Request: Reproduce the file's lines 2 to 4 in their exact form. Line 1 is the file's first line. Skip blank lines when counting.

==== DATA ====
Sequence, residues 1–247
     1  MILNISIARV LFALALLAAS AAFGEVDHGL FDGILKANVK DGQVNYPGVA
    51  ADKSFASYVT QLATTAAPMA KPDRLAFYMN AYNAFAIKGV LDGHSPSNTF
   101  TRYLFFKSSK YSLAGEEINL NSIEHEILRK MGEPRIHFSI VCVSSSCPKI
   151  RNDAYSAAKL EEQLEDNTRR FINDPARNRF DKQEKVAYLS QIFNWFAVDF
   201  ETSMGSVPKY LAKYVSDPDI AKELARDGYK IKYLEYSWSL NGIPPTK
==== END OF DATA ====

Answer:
     1  MILNISIARV LFALALLAAS AAFGEVDHGL FDGILKANVK DGQVNYPGVA
    51  ADKSFASYVT QLATTAAPMA KPDRLAFYMN AYNAFAIKGV LDGHSPSNTF
   101  TRYLFFKSSK YSLAGEEINL NSIEHEILRK MGEPRIHFSI VCVSSSCPKI